'If there is a medical doctor on board, please identify yourself to a flight attendant."
Anyone who has heard that plea has probably wondered: How often does this happen?
Well, researchers have answers. There is an in-flight medical emergency once every 604 flights. Put another way, for every one million passengers, 16 will have a serious medical problem while on a plane. That's about 44,000 people a year globally. Air Canada flights alone deal with about 1,500 medical emergencies annually.
This, of course, is just the tip of the iceberg. The data, published in the New England Journal of Medicine by a group of emergency physicians from the University of Pittsburgh School of Medicine led by Dr. Christian Martin-Gill, include only cases in which formal medical advice is sought.
The good news – at least for passengers who fall ill – is that there is medical help on board surprisingly often. The research showed that when a passenger falls ill there is a doctor on the plane 48 per cent of the time, and a nurse on the flight 20 per cent of the time, and a paramedic or other health professional 8 per cent. One-third of the cases are handled by flight attendants alone. (Flight attendants receive first-aid training.)
Dr. David Henderson, a palliative-care specialist in Truro, N.S., was on a flight earlier this year when the call went up for medical help.
"You don't even think about it, you react," he said. "Then you realize, at 35,000 feet, there's not a whole lot you can do."
A passenger was having a seizure, and Henderson was able to stabilize him. Then came the $64,000 question from the pilot: Do we need to divert the plane to get emergency help?
In this case, the closest hospital was at the destination (Henderson asked that exact details be withheld to ensure patient confidentiality) so the flight continued and an ambulance was waiting to take the patient to hospital.
About 7 per cent of flights are diverted for medical emergencies. Airlines try to avoid this because it's costly, inconvenient for passengers and, most of all, because sick patients are often worse off in a strange city or country without family members or insurance. But the final decision rests with the pilot.
So what does the flight crew do if there is no doctor, nurse or paramedic on board or when they refuse to help? Medical professionals do not have a legal obligation to help, but many see it as a moral obligation. Sometimes health professionals don't feel qualified to help either: For example, a dermatologist may not have the skills to assist a passenger suffering a heart attack.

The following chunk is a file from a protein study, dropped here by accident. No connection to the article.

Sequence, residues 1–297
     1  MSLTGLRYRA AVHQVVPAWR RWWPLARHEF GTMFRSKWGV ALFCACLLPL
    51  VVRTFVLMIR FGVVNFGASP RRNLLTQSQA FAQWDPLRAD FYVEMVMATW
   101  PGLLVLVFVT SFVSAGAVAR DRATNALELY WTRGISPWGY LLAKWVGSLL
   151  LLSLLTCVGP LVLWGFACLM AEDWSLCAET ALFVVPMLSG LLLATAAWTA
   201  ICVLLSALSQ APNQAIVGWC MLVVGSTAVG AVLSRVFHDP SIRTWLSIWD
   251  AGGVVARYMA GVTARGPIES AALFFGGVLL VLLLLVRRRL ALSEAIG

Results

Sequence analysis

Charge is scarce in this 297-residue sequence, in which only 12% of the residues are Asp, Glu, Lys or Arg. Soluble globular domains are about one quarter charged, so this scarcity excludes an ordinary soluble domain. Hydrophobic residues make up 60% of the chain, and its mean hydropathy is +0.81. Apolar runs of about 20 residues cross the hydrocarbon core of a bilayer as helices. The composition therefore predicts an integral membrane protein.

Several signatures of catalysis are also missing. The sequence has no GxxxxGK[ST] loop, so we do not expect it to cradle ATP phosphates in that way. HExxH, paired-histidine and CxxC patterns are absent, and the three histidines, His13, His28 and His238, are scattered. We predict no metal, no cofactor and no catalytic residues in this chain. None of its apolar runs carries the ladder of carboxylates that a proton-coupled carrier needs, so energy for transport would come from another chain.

Some physicians have legal concerns but good-Samaritan laws generally protect them from any liability. Those laws also keep airlines from paying doctors, as doing so could invalidate legal protections. As a result, airlines usually send a thank-you letter and a gift of air miles.
"I got a very nice thank you from the pilot and I thought that was plenty," Henderson said.
There are well-stocked first-aid kits and defibrillators on all planes. All the major airlines have contracts with services that link them 24/7 to emergency-medicine specialists on the ground. There are several providers of this service, including STAT MedEvac, which operates a service called STAT-MD out of Pittsburgh; MedAire, located in Phoenix, operates a service called MedLink. A study published in the Journal of the American Medical Association noted, however, that there are few standard practices for responding to and tracking medical emergencies. This is a striking anomaly because the airline business is generally obsessed with standardization and monitoring.
The good news, at least according to the data that are available, is that the medical emergencies that occur in-flight can usually be handled by the flight crew, with the assistance of medical personnel on board or on the radio.
The most common problems are dizziness and fainting (37 per cent), trouble breathing (12 per cent) and severe nausea and vomiting (10 per cent). Pregnancy-related problems are uncommon: Women can fly safely up to 36 weeks of pregnancy, but the study found most problems occurred prior to 24 weeks. In the study of 12,000 medical emergencies, there were three births (all premature).
There are few cases of cardiac arrest (24 instances in the 12,000 cases in the study). But things don't always turn out well: 36 deaths were recorded in the study. A separate study of 19,000 in-flight emergencies recorded 94 deaths.
A death can be problematic, especially on a full flight. In the book Airline Confidential, former pilot Richard Havers said that if a body cannot be isolated and covered with a blanket, the practice is to place it in a lavatory and hang the "out of order" sign. One carrier, Singapore Airlines, actually has a "corpse cupboard" for storing a body.
This may sound morbid but the reality is that, as air travel becomes more affordable and common, and flights longer-lasting, there have to be practical preparations in place to deal with illness and death. Considering that some airliners can now carry more than 800 passengers and can fly 12 hours or more non-stop, maybe there should be medical personnel on board as there are on cruise ships.
There are more than 2.75 billion passengers flying on commercial airlines annually; at any given time, there can be a half-million people in the air. In this perpetually floating city, medical care will be required with increasing frequency and we need to think of how that's best done. Is depending on the goodwill of doctors and nurses sufficient, or are more formal measures required?
Editor's note: In the original version of this article, comments from the book Airline Confidential, by Richard Havers, were wrongly attributed to Patrick Smith, author of Cockpit Confidential. This version has been corrected.